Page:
Many people from various walks of life in the community have been involved in the development of the Museum’s Master Plan. The team includes Museum trustees, staff, volunteers, expert consultants, and community members. The primary team includes:
|Luke Swetland, President and CEO
Gary Robinson, Director of
Barbara Barker, Project Manager
Hank Chaney, Director of
Collections & Research
Caroline Grange, Director of
Heather Moffat, Director of
Education & Exhibits
Easter Moorman, Museum
Stephen M. Hicks
Walter Schacht, Architect
Susette Naylor, Architect
Suzanne Elledge, Planner
Pamela Post, Historian
Tim Hazeltine, Historian
Susan Van Atta, Landscape Designer
Scott Schell, Transportation Planner
Bill Spiewak, Arborist
Mark de la Garza, Bioresources
Earth Systems, Geotechnical Engineering
Q: What outreach efforts have the Museum undertaken to communicate the Master Plan to the community and invite input? top
A: We have held a number of outreach meetings with the community.
- October 15-30, 2008: Door-to-door interviews with the Museum’s most immediate neighbors
Knocked on 549 homes; talked with 248 neighbors
- February 19, 20 & 21, 2009: 3 Neighborhood Meetings
549 invitations mailed
- April 23 & 25, 2009: 2 Neighborhood Meetings
549 invitations mailed
- March 18 & 20, 2010: 2 Neighborhood Meetings
8,845 invitations mailed
- June 3 & 5, 2010: 2 Community Meetings
2,133 invitations mailed
- May 12 & 14, 2011: Community Meetings
2,577 invitations mailed
- July 20, 2011: Joint Review by Planning Commission and Historic Landmarks Commission (HLC)
- Paid public notices placed in the Santa Barbara News-Press, Santa Barbara Independent, and Independent.com
- Listings placed in community online calendars
Q: Will the Museum’s collections and research remain on the Mission Canyon campus? top
A: Yes. One of the goals of the Museum’s Strategic Plan is to achieve unity of purpose and operational synergy among the diverse programs of collections, research, exhibits, education, and public programs.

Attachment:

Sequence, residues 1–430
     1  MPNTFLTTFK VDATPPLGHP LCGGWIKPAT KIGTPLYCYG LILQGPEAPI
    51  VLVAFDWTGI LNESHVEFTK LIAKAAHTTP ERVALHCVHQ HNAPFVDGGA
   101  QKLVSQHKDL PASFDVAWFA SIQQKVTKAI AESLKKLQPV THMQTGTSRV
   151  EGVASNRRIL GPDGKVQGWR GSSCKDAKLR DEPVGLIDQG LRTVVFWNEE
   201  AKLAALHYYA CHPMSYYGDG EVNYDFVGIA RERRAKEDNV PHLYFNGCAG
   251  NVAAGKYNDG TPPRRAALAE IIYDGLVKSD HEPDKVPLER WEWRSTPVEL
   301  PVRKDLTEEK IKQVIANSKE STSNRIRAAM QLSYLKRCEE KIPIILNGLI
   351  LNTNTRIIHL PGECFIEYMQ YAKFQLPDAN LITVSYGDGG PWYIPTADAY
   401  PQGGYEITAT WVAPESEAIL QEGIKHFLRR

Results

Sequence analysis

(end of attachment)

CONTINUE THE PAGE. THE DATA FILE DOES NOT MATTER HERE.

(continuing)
The collections and the scientists are an essential resource for all the other programs on a daily basis. The scientists take part in educational programs and are part of interdepartmental teams planning for future programs and exhibits. We use the collections on a daily basis, not only for exhibits, but for ongoing research and daily education programs. Moving the Museum’s collections and scientists off-site to another facility would be a great detriment to the Museum as a whole and would in the long-run make operations more costly and less sustainable.
Q: What will happen to the MacVeagh House? top
A: It will be relocated to another site on Museum property and restored.
The Museum proposes moving the MacVeagh House to a new site on land owned by the Museum on Puesta del Sol, immediately to the north of the historic Museum buildings.
Q: Is there a way to create better pedestrian access in the Mission Canyon corridor? top
A: The Museum is interested in improving pedestrian access in the area.
The Museum is collaborating with a group of stakeholders interested in improving safe passage for pedestrians and bicyclists along a corridor from the Rose Garden and the Old Mission to Rocky Nook Park, the Women’s Club, and the Museum. The group of stakeholders includes representatives of three adjacent neighborhoods (Mission Canyon, Riviera, Upper East Side) and adjacent landowners including both institutions and private individuals. The Museum is highly motivated to assist all efforts to create safe passage in this congested and unsafe corridor.
Q: Will I still be able to walk my dog(s) in the woodland area on the Museum’s property? top
A: Our plans are currently to allow dog walking activities with conditions.
One of the goals of the Master Plan is to maintain the woodland area as a managed, conserved nature space for education, research and public use. The Museum welcomes the public enjoyment of this space on its property, but does expect the public to keep their dog(s) leashed and under control, and to pick up after them as required by City and County ordinances.
Q: Will the Museum provide employee housing? top
A: The Museum currently has a policy of renting its residential properties to employees.